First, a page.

In Between: the Novel Excerpt © Shannon Foy 2016
“Um,” I started nervously, “is Mount Fuji active?”
“Yes,” Don answered, “but don’t worry; it hasn’t erupted in like three hundred years.”
That didn’t make me feel any safer.
Don grabbed a pack out of the back seat of the car and headed into the trees. I took a deep breath and followed him.
You can romanticize suicide anyway you like, but nothing prepared me for what I was about to experience.
I had not been afraid of death; I had killed people. But finding bodies littered about the trees affected me on a terribly deep level. I’d step over a fallen trunk only to trip upon a tangle of brush and body. I’d sweep a branch aside, chance a look up, and see another hanging above me. Eyes open. Eyes closed. Various states of decomposition. A man in a suit with his shoes set neatly next to him.
And the smell. I’ll never be able to properly describe the smell and I hope to never encounter it again. Blood. Gun powder. Moss. Decay. Earth. Hair. Sadness. Laundry detergent.
We hiked deeper and deeper into that suspended forest. The sounds of our footsteps, our voices, our invasion of the uninhabited landscape were swallowed by the soft earth. No echo. No breath of life beyond the flora. And us.
And then a gunshot—shattering the silence into a million pieces, the fragile glass of life gone in an instant.
I wanted nothing more than to be out of that forest immediately.
“Are you okay?” Don asked, tentatively.
I gulped and shook a quick nod, fear keeping my voice hostage. I didn’t mean to cry, but I did.
Don took my trembling hand and we continued on the path, which wasn’t much of a path at all, but rather the course of least resistance. And believe me, the forest resisted.
If Don hadn’t been leading the expedition or if I hadn’t been rapt with fear, alert to every micro detail, the sunken chamber in the ground would have swallowed me up forever. Barely a few yards across with roots emerging from where the soil had fallen away was a hole—the rabbit hole to Wonderland.
“This is it,” Don whispered.
“How do you know?” I had seen pictures of other ice caves around Mount Fuji. They all had signs, railings, stairways, or ladders. They were well-manicured and definitely not reminiscent of a place to dispose of a petite, American body.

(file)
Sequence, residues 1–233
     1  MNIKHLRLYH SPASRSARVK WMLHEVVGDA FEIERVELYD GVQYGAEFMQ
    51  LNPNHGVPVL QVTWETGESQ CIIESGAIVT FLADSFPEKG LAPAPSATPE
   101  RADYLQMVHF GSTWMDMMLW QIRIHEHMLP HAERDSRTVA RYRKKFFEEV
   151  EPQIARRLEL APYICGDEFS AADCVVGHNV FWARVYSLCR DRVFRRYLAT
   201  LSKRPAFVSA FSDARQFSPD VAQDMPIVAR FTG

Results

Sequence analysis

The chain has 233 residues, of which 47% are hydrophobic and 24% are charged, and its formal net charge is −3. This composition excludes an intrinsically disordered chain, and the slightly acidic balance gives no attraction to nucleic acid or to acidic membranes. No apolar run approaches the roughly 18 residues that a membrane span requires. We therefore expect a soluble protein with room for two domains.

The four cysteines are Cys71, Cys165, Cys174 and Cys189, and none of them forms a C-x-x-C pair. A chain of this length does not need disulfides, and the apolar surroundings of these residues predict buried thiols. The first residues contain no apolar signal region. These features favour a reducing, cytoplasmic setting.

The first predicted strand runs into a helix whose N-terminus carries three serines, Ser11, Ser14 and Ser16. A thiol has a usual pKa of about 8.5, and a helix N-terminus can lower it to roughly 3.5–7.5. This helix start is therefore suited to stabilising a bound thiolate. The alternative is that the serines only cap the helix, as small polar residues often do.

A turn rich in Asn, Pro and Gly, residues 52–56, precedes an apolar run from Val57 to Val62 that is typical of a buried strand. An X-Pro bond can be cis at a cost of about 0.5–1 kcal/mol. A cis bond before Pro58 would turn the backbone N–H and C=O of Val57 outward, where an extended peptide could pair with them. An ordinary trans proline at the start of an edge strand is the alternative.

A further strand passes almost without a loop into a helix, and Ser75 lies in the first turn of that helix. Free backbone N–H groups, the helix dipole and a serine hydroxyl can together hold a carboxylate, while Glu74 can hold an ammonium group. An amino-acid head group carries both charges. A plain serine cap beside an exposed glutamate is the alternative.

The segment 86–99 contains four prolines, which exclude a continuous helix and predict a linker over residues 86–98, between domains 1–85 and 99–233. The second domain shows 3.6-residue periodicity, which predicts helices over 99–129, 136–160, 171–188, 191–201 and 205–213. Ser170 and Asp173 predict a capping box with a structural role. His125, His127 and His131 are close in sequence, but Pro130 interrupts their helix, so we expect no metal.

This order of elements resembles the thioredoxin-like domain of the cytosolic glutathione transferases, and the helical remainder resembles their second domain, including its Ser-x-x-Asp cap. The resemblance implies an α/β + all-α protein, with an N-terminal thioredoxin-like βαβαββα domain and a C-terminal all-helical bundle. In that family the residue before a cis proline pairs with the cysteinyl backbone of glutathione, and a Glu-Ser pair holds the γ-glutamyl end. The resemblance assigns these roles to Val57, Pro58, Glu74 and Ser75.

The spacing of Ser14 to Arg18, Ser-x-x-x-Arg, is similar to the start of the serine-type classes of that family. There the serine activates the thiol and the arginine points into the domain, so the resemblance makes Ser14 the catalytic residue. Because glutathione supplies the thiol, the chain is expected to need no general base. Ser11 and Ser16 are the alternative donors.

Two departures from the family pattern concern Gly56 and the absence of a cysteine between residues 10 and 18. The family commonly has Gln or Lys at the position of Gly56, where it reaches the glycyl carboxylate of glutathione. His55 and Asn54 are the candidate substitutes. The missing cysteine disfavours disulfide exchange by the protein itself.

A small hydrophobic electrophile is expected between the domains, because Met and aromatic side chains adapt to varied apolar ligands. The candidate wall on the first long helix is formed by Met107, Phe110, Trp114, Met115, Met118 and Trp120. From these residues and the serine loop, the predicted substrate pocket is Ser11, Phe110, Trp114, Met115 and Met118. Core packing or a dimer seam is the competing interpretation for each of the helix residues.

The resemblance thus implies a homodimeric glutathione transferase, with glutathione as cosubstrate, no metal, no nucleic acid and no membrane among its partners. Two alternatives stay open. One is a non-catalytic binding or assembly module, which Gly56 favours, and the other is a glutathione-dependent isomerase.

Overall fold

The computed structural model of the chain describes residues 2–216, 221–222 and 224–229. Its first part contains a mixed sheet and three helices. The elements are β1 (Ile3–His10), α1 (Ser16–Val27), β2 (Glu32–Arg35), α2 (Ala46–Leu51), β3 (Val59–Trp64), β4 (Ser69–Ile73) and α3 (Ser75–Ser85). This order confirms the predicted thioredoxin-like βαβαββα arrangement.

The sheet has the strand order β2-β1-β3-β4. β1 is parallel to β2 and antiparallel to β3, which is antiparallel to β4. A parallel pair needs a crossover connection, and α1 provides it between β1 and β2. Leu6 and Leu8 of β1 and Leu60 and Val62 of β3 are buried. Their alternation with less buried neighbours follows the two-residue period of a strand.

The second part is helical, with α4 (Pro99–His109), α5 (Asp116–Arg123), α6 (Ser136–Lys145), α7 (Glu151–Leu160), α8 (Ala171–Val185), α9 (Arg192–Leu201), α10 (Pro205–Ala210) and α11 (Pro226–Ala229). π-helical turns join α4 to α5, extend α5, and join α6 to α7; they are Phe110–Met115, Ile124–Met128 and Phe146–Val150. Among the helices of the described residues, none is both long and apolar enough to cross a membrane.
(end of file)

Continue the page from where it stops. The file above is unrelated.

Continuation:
“This is where Tatsuya found me.”
Don removed his backpack and started setting items out along the ground—a rope, a flashlight, and a knife that shone a brilliant silver. He quietly and quickly tied the rope around a nearby tree whose trunk was covered in thick moss.
“Take these,” he said, handing me the knife and the flashlight and the center of the rope. “You must go alone.”
“What? I thought that’s why I’m paying you?”
“You’re paying me to help you find Miyuki, but if you want her help, it is a journey you must make alone.”
I grumbled to myself as I wrapped the rope around my waist, knotting it so that I could slowly rappel into the earthen pit.
“I’ll wait here for you.”
“What do I do down there?”
“Just look,” he said simply.
I, the novice, and Don my mystical, Japanese Master—him speaking to me in riddles like Yoda or Mr. Miyagi. I squatted down and shimmied myself into the opening.
Slowly I went. I had rappelled a few times from a rock wall at the gym—my fear of heights calmed by the harnesses and belts and foam mats beneath me. Right at that moment, I was inching down toward anything—and it scared the shit out of me.
The deeper I got, the more heightened my senses became as blackness enveloped the passage through which I was lowered. The cold nipped at my nose and other uncovered bits of skin. I could hear the strain on the rope and the subtle echo off of the earthen walls. The overwhelming scent of damp soil was unbelievably refreshing compared to the stagnant air in the forest above.
I didn’t think it would ever end. I knew logically that I hadn’t gone that far below ground, but my mind played tricks on my stomach, and I thought I felt gravity switching. I came to my senses as my feet abruptly hit the ground, buckling my knees, landing my backside in the dirt. I untied myself, zipped up my hoodie, and removed the flashlight from my pocket. The floor was slick and my first steps were hesitant. Slipping on ice was not my favorite activity.
As I turned the flashlight on, its wide beam illuminated the narrow cave. There was nothing. No markings on the wall, no scratches on the floor, or giant sign that read, “Miyuki—Straight Ahead.” I had hoped for signs.
I followed the frozen floor along a straight path. There were no off-shoots or dead end corridors, just solid icy walls. It took me five and a half minutes to get from one end to the other.
Five and a half minutes of anticipation and fear and baited breath . . . and no Miyuki.
It wasn’t the right cave.
I turned and made my disappointed way out. I got back to my rope, tied it around my waist, and sent a ripple up the nylon cords. Shortly after, I felt a tug and was lifted back to the surface.
“Nothing?” Don asked.
“Then we keep going.”